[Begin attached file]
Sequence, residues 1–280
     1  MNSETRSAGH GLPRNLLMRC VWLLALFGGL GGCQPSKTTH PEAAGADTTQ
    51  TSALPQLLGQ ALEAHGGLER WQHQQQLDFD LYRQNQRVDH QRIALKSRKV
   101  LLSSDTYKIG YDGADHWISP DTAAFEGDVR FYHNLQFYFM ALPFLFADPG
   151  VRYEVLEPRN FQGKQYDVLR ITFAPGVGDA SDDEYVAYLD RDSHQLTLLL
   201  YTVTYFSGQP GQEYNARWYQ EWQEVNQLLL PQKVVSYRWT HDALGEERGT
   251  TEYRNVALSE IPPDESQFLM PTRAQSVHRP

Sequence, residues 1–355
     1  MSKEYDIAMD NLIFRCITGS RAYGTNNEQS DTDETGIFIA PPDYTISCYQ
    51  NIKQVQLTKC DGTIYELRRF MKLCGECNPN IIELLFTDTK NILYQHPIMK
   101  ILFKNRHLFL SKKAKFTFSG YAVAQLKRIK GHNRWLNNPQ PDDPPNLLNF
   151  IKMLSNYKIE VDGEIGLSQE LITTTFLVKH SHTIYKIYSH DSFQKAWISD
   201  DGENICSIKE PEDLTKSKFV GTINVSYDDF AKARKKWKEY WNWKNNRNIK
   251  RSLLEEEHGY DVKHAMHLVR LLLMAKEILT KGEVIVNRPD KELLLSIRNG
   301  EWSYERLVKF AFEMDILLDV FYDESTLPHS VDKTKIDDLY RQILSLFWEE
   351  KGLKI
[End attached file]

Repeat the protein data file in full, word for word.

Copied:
Sequence, residues 1–280
     1  MNSETRSAGH GLPRNLLMRC VWLLALFGGL GGCQPSKTTH PEAAGADTTQ
    51  TSALPQLLGQ ALEAHGGLER WQHQQQLDFD LYRQNQRVDH QRIALKSRKV
   101  LLSSDTYKIG YDGADHWISP DTAAFEGDVR FYHNLQFYFM ALPFLFADPG
   151  VRYEVLEPRN FQGKQYDVLR ITFAPGVGDA SDDEYVAYLD RDSHQLTLLL
   201  YTVTYFSGQP GQEYNARWYQ EWQEVNQLLL PQKVVSYRWT HDALGEERGT
   251  TEYRNVALSE IPPDESQFLM PTRAQSVHRP

Sequence, residues 1–355
     1  MSKEYDIAMD NLIFRCITGS RAYGTNNEQS DTDETGIFIA PPDYTISCYQ
    51  NIKQVQLTKC DGTIYELRRF MKLCGECNPN IIELLFTDTK NILYQHPIMK
   101  ILFKNRHLFL SKKAKFTFSG YAVAQLKRIK GHNRWLNNPQ PDDPPNLLNF
   151  IKMLSNYKIE VDGEIGLSQE LITTTFLVKH SHTIYKIYSH DSFQKAWISD
   201  DGENICSIKE PEDLTKSKFV GTINVSYDDF AKARKKWKEY WNWKNNRNIK
   251  RSLLEEEHGY DVKHAMHLVR LLLMAKEILT KGEVIVNRPD KELLLSIRNG
   301  EWSYERLVKF AFEMDILLDV FYDESTLPHS VDKTKIDDLY RQILSLFWEE
   351  KGLKI